Johnny Depp is reportedly taking time out from playing a supernatural character with a weird look and crazy accent to playing an intrepid reporter who hunts supernatural characters — and I'll just assume will have some sort of weird look and crazy accent, in this adaptation of the 1970s TV movies that starred Darren McGavin as Carl Kolchak. This time around, he will reportedly be working with director Edgar Wright, which instantly makes this about 1,000% more exciting than it would otherwise be. There aren't too many other details, apart from it being a Disney movie with a planned PG-13 rating, and the smart money is probably that a vampire will be involved, like in the original TV movie, because there's no way a movie made in the 2010s will pass up a chance to include a vampire. [Deadline]
Here's a video blog from director Sam Mendes on the set of the new James Bond movie.
Here's a new poster for Pixar's upcoming Scottish fantasy movie, which is really the preferred type of fantasy movie. [First Showing]
Here's a new international poster for the board game adaptation in which the navy fights aliens...just like in the board game![First Showing]
Antje Traue, who will soon appear as Faora in Man of Steel, has reportedly been cast alongside Jeff Bridges, Ben Barnes, Julianne Moore, and Alicia Vikander in this movie featuring Bridges and Barnes as witch-hunters doing what witch-hunters do (hint: they hunt witches). It's not clear what role Traue will play in this, but the best guess is probably alongside Moore and Vikander as one of the coven of witches. [Variety]
Willem Dafoe discusses his role in The Mummy director Stephen Sommers's adaptation of the Dean Koontz novel, in which Star Trek's Anton Yelchin plays the clairvoyant title character:
"I play Chief Porter, who has a really beautiful relationship with Odd. He's kind of like a father figure. Odd Thomas is played by Anton Yelchin, who I like very much. I think he's really a talented, smart guy. I haven't seen the movie yet, it was great fun to make. It's a real hybrid, and it's a real personal movie. Stephen really broke his usual way of working and financed it and made it with a very personal stamp on it, so I'm eager to see it."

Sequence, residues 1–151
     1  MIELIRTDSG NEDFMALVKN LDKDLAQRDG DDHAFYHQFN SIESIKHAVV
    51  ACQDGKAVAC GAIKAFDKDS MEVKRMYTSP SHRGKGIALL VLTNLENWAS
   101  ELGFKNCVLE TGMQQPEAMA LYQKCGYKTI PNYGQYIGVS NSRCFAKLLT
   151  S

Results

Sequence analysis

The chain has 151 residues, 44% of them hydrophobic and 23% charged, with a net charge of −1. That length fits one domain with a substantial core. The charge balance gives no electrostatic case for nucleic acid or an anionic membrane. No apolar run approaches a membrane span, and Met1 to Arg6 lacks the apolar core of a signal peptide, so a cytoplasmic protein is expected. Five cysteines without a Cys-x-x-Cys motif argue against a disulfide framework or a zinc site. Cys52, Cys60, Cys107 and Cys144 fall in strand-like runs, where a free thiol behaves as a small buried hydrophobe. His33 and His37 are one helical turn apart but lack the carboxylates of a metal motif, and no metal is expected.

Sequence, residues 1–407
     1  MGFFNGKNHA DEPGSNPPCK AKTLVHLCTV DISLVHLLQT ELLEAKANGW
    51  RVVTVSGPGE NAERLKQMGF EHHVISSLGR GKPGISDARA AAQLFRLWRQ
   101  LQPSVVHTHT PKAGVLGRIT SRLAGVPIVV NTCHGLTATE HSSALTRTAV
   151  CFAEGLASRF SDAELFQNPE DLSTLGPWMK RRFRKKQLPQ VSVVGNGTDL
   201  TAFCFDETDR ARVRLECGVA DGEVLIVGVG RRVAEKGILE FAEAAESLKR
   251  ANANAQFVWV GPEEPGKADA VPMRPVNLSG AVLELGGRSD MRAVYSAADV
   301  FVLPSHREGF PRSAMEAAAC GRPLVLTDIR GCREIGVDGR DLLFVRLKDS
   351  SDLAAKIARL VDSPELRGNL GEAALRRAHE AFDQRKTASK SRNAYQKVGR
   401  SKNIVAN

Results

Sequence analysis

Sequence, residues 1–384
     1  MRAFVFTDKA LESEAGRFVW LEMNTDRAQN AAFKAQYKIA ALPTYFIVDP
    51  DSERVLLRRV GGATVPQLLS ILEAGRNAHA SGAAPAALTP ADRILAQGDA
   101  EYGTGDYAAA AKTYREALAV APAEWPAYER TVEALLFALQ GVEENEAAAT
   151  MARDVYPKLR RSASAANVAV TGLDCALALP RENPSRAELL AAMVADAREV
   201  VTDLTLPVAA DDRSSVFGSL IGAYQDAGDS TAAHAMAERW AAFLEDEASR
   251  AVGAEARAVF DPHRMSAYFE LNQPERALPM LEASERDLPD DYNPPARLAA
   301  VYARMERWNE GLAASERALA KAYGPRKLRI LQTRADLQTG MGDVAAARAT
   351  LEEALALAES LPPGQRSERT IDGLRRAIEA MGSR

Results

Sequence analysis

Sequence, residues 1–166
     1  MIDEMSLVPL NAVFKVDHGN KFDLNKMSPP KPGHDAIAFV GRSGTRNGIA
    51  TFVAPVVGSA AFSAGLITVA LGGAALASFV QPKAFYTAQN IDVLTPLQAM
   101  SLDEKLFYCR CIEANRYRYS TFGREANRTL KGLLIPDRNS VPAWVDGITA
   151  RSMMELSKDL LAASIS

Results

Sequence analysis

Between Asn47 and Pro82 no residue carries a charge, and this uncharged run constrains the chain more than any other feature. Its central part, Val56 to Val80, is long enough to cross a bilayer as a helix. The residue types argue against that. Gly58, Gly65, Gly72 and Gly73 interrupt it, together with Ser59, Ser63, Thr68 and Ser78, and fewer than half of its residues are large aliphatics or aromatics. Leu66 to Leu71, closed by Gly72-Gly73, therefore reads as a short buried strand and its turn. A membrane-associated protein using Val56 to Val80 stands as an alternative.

Wrath of the Titans writer Dan Mazeau is reportedly working on an adaptation of Tite Kobu's manga for Get Smart director Peter Segal, who is reportedly in line to produce and possibly direct. Here's a description of the manga:
"Bleach" follows the adventures of Ichigo, a teenager who can see ghosts. When his family is attacked by a Hollow — a malevolent lost soul — Ichigo inadvertently absorbs the power to hunt Hollows. He then dedicates his life to protecting the innocent and helping tortured souls find peace.
Here's a poster for the Men in Black sequel starring Will Smith, plus Josh Brolin as a younger version of Tommy Lee Jones. [Cosmic Book Movies]
Here's a preview clip from DC's next DVD movie.
Here's a new promo for Friday's winter finale, "The End of All Things."
Here are some sneak peek videos of this Sunday's episode, "18 Miles Out." The first one is dubbed in what sounds like Italian.
There's a super-spoilery description of the episode. It's hard to say if this is actually, you know, accurate — and the fact that it comes from an IMDB message board doesn't exactly inspire confidence — but here it is: